If conservatives can help liberals understand what conservatives really want, this would take away the basis for liberals to believe that conservatives are interested in nothing more than self-serving power. It seems all too easy in these days of political mistrust for us to assume the worst. Understanding what the other side wants would help restore a bit of humanity to our politics.
After loving God (see previous blog post), the second job for a follower of Christ is to love others. “Others” covers a lot of ground, but this post focuses on the outward looking face that Christianity is called to present. I believe that outward orientation has two aspects: charity and justice.
In this post I won’t be talking much about caring for those who are within the Christian community. That care is important: in fact, Christ warns about becoming overly focused on the poor and neglecting each other. The church’s mission to the poor is so central that it can be easy to mistake the church for a poverty activism group (which was the disciples’ error in rebuking the woman who anointed Jesus (Matt. 26:6-13)). Followers of Christ are called to be loving to all, including your fellow followers, and that in-network support is crucial for maintaining a strong community. But I recognize that it’s usually easier to take care of those who are “in the club.” There’s nothing distinctively Christian about caring for family and friends. As Jesus said, even Hitler was nice to his family. (wink)
When I was growing up, my family was embedded in just such a Christian community, and my mother was a strong participant in the caring casserole network… at least in one direction. She was glad to extend Christian charity to others, but she did her best not to accept charity from others if at all possible. With all the moral acuity of a smart-ass teenager, I remember pointing this out to Mom, noting that if everyone felt like she did, then there would be no one to accept the charity she offered. (She was not impressed.)
But there is something here about Christians’ inability to admit their own weakness to each other. A strange reverse one-upmanship, a kind of potlatch charity, can arise in a Christian community. It’s one thing to admit that it’s more blessed to give than to receive; it’s another to refuse to receive because it’s a sign of weakness. Receiving charity isn’t an admission that you are weak; it’s a recognition that we all need God’s grace in the form of each other’s caring actions. Philip Yancey says that the church should act more like Alcoholics Anonymous, where people freely admit their powerlessness and their wounds as soon as they walk in the door. As the old saying goes, the church is a hospital for sinners, not a museum for saints. By giving and receiving care, we participate in a spiritual network that recognizes our common humanity and our common need.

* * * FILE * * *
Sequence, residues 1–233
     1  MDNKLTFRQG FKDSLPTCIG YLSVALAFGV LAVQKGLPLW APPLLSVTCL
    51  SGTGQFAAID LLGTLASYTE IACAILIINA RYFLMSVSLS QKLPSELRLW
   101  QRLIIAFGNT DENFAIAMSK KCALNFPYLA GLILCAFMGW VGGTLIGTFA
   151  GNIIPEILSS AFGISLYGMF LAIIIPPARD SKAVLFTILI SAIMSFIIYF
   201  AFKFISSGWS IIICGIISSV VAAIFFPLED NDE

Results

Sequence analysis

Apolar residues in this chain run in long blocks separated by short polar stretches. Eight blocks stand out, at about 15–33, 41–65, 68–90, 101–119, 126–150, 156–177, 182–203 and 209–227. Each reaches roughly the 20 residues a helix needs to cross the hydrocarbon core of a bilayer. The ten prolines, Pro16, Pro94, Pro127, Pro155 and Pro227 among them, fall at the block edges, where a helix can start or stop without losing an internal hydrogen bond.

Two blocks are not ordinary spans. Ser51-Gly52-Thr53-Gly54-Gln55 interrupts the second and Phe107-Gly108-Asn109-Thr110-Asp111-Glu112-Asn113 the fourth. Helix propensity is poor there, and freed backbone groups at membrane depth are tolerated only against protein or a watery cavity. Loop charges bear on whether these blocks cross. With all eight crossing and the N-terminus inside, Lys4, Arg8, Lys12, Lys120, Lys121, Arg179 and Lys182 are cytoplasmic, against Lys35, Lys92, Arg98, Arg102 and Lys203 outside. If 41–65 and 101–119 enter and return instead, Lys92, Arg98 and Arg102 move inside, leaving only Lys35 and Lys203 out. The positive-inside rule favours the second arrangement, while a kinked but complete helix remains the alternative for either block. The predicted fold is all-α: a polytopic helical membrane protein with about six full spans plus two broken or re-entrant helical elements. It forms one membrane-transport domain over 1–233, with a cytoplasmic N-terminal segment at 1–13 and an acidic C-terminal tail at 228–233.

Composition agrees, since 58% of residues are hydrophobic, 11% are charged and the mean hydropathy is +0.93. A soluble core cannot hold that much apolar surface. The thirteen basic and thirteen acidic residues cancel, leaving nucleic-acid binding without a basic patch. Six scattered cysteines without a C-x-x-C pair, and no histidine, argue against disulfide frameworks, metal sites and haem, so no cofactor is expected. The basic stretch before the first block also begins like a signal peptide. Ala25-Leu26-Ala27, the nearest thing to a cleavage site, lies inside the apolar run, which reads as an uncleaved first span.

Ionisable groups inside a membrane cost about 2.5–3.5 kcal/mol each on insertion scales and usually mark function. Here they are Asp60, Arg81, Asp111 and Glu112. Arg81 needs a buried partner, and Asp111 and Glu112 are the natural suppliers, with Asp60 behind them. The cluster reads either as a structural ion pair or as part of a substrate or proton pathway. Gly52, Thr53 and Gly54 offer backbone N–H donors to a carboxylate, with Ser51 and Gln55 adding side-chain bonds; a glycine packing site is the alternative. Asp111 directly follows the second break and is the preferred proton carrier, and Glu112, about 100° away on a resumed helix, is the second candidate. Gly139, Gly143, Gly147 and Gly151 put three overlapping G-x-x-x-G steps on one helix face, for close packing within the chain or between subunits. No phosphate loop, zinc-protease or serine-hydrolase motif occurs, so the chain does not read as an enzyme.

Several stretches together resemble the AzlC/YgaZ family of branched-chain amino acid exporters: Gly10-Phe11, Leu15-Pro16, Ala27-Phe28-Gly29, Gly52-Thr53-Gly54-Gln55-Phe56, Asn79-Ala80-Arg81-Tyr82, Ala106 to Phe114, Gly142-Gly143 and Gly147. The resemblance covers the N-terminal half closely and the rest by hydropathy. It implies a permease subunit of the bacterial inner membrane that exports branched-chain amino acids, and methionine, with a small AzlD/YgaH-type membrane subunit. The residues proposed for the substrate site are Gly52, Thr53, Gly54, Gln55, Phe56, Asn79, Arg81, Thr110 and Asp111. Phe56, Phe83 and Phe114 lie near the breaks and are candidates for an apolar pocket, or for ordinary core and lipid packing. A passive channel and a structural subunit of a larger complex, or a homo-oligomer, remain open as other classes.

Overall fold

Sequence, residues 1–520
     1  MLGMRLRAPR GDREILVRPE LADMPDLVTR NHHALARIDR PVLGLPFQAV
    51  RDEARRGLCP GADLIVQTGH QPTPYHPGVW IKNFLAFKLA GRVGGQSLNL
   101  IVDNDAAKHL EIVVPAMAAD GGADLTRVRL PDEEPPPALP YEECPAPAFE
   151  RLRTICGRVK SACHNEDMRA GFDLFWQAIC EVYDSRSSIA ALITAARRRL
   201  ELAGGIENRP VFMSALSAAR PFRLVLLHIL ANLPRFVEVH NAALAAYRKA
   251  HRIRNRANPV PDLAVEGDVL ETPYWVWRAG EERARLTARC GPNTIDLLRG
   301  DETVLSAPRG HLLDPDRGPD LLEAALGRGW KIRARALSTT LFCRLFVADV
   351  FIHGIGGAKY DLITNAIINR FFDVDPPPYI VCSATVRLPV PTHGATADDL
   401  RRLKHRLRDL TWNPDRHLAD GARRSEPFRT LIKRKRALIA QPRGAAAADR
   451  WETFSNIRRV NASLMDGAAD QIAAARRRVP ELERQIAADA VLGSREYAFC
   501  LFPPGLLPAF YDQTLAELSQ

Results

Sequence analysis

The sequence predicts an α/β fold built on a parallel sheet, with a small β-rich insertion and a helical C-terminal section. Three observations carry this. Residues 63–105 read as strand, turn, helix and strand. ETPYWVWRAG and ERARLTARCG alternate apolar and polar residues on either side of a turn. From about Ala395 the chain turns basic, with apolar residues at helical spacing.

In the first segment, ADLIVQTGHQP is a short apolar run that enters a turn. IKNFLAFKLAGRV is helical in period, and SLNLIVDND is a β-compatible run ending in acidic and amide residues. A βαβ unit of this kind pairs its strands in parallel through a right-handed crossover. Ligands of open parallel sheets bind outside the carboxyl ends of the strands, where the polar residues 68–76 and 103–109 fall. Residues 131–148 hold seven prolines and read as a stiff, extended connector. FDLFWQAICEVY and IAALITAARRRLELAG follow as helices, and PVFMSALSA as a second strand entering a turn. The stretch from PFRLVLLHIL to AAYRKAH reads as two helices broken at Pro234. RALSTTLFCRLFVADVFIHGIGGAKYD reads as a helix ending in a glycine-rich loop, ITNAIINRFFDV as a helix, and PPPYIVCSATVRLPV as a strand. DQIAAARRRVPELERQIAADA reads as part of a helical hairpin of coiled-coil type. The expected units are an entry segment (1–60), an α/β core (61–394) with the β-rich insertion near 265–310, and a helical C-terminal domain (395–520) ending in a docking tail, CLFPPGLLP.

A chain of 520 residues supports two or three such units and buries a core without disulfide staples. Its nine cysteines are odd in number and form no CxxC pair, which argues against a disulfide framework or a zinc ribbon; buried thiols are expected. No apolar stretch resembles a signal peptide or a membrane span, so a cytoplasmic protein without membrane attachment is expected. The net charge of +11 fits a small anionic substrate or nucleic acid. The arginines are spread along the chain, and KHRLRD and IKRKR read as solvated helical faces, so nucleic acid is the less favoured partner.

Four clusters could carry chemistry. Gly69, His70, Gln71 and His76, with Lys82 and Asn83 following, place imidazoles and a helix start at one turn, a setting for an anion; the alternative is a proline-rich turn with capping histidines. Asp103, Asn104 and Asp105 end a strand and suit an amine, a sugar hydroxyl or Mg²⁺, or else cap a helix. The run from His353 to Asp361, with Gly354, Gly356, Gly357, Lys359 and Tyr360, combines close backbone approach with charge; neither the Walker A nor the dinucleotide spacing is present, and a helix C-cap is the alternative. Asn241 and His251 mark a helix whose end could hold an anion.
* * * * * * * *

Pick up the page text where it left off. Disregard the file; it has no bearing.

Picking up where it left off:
But in this post I’m focusing on the outward face of that love. Depending on which version of the Bible you have, the same word may be translated as “love” and “charity.” Love is central to following Christ, and that word “charity” has morphed over time. I will call the outward, face-to-face expression of that love and care “direct charity.”
Here I’m trying to activate a fairly old-fashioned use of the word. “Christian charity” meant doing things for others as a way to serve as God’s hands and feet in this world. What I wish to emphasize is the directness of that touch, modeled on Jesus’s personal actions on earth. Direct charity (as I’m using it) is love in action that is up close, not at a distance. It’s caring for the welfare of others on a one-to-one basis fueled by a higher purpose. It’s a personal interaction between one child of God and another.